Uneaten food terrifies restaurants, because most people in our society, especially men, clean their plates. Their mothers have guilt-tripped them with stories of starving orphans in far-flung lands. This is one reason among many that ours is a nation of fatties, but I digress. Frequently, waiters ask me if something was wrong. I just say I wasn’t very hungry. Sometimes they persist—“Are you sure?”— which is really, really annoying. If I don’t want a hassle or if I worry about hurting the cook’s feelings at a small place, I ask for a doggie bag. And I always get a doggie bag when I’m eating five or six meals a day for a story like “Pit Stops,” our last barbecue roundup (May 2003). If I can find a homeless person to give the food to, I do; if I’m on the road, the leftovers end up at my motel. More than once I’ve left half a dozen to-go boxes stacked beside the bed. God knows what the maids thought.

Did your family love to cook?

No, just the opposite. When I was growing up in the fifties, Texas was a vast Middle American wasteland of overcooked hamburger steaks, waterlogged peas and carrots, Jell-O salads, and TV dinners, the latter of which we ate—I swear to God—on folding metal tables while sitting in front of the television set watching Your Hit Parade and Gunsmoke. On top of this, my mother was a protofeminist who embraced the liberating notion that a woman’s place was not in the kitchen. Thus, she never used a fresh vegetable if she could get her hands on a canned or frozen one, and she had an absolute love affair with instant mashed potatoes. Oh, Mother could cook if she wanted to: Her lemon chiffon pie was divine, and I loved her vegetable soup. But she preferred to spend her time reading Thomas Wolfe’s Look Homeward, Angel rather than slaving over a hot stove. Her weekly canned-salmon croquettes were one reason I adored eating in restaurants. They served gorgeous food that I never saw at home, plus they were exciting and grown-up. The fact that we couldn’t afford to eat out much made them even more alluring. Restaurants were like movies to me, an escape from humdrum real life and, shudder, real food.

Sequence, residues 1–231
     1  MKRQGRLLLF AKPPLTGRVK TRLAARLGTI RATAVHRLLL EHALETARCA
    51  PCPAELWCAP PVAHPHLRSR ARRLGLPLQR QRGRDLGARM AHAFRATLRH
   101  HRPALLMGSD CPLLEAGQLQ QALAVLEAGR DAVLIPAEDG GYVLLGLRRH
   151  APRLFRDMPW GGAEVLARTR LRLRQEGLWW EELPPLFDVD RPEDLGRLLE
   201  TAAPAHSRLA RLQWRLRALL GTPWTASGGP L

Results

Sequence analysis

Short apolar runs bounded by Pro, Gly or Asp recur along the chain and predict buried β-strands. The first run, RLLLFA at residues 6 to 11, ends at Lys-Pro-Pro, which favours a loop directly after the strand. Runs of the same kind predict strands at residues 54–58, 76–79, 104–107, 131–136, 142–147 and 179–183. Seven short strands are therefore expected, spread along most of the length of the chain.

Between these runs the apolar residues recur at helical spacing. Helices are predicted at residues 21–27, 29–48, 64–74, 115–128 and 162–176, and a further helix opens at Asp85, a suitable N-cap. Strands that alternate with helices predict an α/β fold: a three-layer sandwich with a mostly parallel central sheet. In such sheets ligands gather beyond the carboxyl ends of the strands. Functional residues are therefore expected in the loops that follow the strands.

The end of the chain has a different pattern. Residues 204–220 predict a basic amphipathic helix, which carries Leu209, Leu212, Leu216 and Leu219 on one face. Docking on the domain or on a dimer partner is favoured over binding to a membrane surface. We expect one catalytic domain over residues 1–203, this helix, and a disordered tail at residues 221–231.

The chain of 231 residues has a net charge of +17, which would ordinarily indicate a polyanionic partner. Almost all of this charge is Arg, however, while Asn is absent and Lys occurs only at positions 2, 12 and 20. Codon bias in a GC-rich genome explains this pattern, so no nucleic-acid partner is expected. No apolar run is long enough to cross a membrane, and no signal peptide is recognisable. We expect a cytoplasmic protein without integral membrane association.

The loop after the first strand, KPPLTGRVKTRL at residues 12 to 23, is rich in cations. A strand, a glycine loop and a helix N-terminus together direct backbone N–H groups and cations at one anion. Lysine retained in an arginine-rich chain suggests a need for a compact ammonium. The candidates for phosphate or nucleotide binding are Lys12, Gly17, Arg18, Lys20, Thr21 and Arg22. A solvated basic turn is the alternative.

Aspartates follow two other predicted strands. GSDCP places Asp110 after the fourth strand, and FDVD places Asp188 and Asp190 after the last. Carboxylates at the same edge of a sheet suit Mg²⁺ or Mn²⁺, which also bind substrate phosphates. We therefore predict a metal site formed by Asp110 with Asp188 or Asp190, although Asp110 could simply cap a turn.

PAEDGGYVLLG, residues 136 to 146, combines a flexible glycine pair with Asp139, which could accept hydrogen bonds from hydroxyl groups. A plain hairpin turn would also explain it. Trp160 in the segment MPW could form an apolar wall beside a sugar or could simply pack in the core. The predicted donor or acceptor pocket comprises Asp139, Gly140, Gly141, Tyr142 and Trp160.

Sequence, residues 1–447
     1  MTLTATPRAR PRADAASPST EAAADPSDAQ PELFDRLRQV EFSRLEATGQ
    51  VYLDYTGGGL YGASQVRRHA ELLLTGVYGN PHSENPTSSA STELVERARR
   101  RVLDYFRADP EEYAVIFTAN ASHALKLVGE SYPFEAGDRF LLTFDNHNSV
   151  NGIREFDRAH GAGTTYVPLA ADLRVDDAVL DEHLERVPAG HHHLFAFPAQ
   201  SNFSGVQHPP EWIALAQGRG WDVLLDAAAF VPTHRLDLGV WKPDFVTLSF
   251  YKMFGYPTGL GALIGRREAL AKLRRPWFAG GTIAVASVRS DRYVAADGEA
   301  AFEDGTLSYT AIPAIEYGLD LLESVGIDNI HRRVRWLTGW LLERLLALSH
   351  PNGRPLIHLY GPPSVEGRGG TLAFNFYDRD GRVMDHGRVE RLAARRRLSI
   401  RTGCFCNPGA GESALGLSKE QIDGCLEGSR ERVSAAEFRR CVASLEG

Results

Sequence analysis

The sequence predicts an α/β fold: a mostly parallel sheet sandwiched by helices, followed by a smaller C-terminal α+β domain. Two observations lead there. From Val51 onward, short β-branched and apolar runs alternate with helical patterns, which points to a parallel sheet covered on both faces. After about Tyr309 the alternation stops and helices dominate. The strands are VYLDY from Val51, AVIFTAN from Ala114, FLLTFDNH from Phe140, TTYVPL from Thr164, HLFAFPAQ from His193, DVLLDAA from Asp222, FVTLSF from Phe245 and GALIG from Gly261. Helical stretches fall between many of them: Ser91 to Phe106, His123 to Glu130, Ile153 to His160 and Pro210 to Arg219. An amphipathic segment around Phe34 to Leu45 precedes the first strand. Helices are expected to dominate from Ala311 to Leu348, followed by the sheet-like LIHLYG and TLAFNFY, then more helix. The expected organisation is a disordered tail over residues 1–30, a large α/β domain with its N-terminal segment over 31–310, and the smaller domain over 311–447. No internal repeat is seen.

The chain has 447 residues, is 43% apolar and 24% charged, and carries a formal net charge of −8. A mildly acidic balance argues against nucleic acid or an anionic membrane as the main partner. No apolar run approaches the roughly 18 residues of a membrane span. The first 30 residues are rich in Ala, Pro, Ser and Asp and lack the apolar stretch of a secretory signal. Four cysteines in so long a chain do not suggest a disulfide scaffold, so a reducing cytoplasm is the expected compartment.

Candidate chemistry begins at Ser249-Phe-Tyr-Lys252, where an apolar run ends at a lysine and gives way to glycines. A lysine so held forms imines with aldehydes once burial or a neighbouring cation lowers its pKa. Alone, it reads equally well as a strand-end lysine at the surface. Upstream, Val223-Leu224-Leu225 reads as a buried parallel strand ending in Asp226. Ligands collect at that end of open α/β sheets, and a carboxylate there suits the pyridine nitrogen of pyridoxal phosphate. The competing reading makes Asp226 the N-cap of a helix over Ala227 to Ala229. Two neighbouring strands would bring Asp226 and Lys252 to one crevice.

Have you always been interested in food?

If you had told my parents I would one day be a restaurant critic, they would have fallen on the floor laughing. My childhood food quirks were a major pain in the posterior. I was the kid who had to be removed from nursery school because I refused to consume the vile lunches they served (asphaltlike fried liver and slimy okra with tomatoes). I was the one who pitched a fit if a sandwich had been cut into squares instead of triangles. I hardly ate during the first grade except for drinking gallons of milk. I remember one little boy saying to me, in a thick Southern drawl, “Pa- tree-sha, why are you so skinnn-ny?” The answer is that there wasn’t a lot of food to like back then. The turning point, for me, was marrying a man who